What a difference a few months can make.
At the outset of this year’s World Cup campaign, Mammoth’s John Teller had his hat out collecting donations just so he could compete on the circuit this year, and ESPN announcers Chris Ernst and Keir Dillon at X Games this past weekend referred to Teller as a “privateer” – a guy largely paying his own way to compete on tour versus having corporate sponsorship.
That likely all changed with Teller’s thrilling victory last Sunday in Men’s Skier Cross at the X Games in Aspen, where Teller beat prohibitive favorite Chris Del Bosco by half a ski length in the final.
Teller was the only skier in the field who got anywhere close to Del Bosco all day.
Del Bosco won his quarterfinal heat by nearly a second, an eternity in ski racing.
Teller, meanwhile, mistimed a jump at the start of his quarterfinal heat and from my vantage point on the couch, with Teller’s limbs spread-eagle in all directions as he sought to maintain his balance, it looked like he might fall and become an early casualty.
Teller righted himself, but at the cost of dropping from 2nd to 4th place (the top three finishers advanced to the semifinal round).
He ultimately made a slick pass toward the bottom of the course and placed second.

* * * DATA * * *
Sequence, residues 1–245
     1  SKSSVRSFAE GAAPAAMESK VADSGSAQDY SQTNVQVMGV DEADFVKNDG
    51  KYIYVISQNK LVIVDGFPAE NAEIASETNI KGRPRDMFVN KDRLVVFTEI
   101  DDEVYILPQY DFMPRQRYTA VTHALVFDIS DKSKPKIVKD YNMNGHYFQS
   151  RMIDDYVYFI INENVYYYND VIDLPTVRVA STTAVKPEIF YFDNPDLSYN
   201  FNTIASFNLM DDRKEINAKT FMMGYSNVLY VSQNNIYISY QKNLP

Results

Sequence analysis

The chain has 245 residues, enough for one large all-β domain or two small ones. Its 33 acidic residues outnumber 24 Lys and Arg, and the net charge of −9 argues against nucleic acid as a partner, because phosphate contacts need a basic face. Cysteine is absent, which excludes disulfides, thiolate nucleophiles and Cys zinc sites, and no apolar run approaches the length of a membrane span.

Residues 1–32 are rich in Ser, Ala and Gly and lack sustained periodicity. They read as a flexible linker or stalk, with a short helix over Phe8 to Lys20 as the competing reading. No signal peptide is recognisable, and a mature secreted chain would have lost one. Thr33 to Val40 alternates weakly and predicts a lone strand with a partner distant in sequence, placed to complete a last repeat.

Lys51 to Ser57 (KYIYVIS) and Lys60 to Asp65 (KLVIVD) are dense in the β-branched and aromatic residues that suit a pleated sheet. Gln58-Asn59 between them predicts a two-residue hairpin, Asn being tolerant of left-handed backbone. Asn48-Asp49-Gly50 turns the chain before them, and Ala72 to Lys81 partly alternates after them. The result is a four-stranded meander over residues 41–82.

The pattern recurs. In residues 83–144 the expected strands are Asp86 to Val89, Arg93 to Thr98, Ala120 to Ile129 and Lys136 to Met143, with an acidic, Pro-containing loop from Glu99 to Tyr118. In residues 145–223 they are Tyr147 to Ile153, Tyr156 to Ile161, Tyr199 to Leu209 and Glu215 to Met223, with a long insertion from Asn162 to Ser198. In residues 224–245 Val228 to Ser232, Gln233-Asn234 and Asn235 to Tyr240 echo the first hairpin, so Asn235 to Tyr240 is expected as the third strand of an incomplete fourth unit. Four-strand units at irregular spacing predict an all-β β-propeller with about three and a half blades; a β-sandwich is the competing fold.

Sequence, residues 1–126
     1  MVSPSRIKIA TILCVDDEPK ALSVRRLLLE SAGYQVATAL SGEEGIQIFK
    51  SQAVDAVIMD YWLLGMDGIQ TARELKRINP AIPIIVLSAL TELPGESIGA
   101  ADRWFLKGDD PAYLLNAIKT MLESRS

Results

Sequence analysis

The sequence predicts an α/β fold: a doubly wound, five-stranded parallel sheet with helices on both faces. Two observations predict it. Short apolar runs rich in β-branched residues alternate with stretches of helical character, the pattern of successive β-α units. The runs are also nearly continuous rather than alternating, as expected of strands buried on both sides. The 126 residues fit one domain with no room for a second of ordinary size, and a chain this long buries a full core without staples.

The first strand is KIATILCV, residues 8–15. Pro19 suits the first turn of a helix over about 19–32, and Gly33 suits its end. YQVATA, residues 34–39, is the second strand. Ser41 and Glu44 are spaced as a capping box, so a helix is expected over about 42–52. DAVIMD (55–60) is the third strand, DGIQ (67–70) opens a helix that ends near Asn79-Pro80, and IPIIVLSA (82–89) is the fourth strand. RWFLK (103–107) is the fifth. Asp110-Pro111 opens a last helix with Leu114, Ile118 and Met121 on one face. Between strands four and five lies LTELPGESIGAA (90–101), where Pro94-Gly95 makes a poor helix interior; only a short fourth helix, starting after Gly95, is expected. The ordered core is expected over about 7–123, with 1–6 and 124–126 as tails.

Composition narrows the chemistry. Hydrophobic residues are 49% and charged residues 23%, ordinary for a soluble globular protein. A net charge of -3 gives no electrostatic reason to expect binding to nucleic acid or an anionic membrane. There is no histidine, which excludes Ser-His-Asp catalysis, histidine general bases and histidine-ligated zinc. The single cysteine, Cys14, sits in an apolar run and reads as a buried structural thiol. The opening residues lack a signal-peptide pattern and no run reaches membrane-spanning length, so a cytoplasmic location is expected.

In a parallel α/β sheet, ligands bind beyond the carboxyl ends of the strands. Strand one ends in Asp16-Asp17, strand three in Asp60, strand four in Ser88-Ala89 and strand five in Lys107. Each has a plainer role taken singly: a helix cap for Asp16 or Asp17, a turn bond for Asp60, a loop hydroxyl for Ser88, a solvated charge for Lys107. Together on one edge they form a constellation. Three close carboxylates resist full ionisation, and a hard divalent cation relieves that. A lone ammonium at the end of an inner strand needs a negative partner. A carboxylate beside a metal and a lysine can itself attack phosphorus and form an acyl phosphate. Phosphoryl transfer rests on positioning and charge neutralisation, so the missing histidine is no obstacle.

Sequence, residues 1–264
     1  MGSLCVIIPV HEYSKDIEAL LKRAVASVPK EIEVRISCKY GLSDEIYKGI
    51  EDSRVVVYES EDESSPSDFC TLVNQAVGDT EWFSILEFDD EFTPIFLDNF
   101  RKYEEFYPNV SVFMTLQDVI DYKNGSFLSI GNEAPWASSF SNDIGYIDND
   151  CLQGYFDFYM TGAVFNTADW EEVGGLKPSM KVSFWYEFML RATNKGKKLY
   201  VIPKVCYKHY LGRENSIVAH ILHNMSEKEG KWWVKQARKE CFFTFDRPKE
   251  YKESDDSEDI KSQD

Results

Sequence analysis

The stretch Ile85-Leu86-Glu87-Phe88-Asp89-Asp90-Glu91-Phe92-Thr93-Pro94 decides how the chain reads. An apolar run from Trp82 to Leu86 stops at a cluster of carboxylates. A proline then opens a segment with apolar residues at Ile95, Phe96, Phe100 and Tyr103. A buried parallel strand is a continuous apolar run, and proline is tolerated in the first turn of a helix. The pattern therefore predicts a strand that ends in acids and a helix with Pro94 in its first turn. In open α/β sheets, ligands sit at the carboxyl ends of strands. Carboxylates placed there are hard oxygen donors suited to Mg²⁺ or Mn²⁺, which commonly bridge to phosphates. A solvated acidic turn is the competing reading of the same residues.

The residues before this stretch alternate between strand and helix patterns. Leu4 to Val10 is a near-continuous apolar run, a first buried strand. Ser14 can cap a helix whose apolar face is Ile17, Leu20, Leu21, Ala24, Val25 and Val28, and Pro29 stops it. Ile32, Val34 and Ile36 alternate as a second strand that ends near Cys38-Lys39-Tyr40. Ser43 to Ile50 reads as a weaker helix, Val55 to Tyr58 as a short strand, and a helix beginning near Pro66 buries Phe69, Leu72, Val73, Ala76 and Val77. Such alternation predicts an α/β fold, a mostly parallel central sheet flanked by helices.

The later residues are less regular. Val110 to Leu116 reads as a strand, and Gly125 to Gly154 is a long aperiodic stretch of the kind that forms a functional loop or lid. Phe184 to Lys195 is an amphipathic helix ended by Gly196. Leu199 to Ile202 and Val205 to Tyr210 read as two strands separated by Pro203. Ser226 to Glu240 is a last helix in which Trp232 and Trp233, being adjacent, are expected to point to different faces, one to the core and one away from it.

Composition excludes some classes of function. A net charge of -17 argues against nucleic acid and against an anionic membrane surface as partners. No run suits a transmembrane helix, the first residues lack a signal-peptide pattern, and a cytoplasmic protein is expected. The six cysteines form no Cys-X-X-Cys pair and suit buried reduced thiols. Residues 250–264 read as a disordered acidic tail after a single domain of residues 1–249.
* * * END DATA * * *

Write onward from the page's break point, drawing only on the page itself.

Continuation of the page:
When The Sheet reached Teller via telephone at a steakhouse in Deer Valley, Utah on Wednesday, we asked whether Teller had been in danger of losing before he ever had a chance of winning.
“I wasn’t gonna fall,” he said flatly. “I just had the timing off.”
In the semifinal, Del Bosco and Teller were 1-2 out of the gate and stayed that way from start-to-finish. Teller had an opportunity to pass on the upper part of the course, but decided discretion was the better part of valor, as again, he only had to finish in the top three to advance to the final.
In the final, Del Bosco and Teller again came out of the gate 1-2.
This time, however, Teller, drafting behind Del Bosco, made a bid to pass.
“I made the move at the right time and somehow got through,” he said during a post-race interview with ESPN’s Jamie Little.
But watching the replay, it somehow gets a little more scientific. Teller just got lower than Del Bosco and was better able to maintain his speed through the pass.
The rest of the post-race interview went like this.
Little: You just became the first American to win a World Cup skier cross. Now you come here and take the gold. Where do you come from?
Little: How doers a mechanic go from working every day to being a gold medalist?
Teller: It just shows hard work in life, no matter what you do, it always pays off.
The camera then panned to his mother Debbie crying tears of joy in the crowd.
Standing next to mom was Mammoth Mountain CEO Rusty Gregory, who’s never one to pass up a marketing opportunity. As the camera panned to him, Gregory smiled and pointed to the Mammoth logo on his jacket.
Little then threw the narrative back to play-by-play annpouncer Chris Ernst, who generally has no trouble babbling endlessly.
This time, all a stunned Ernst could say was “I don’t know what to say, exactly.”
That’s how much of a prohibitive favorite Del Bosco was. “The man we thought no one could beat,” admitted Ernst.
But sometimes, real life produces its own Rocky Balboas.
Teller will try to build on his Cinderella season this Friday at the World Championships in Deer Valley.
Teller qualified 9th on Thursday.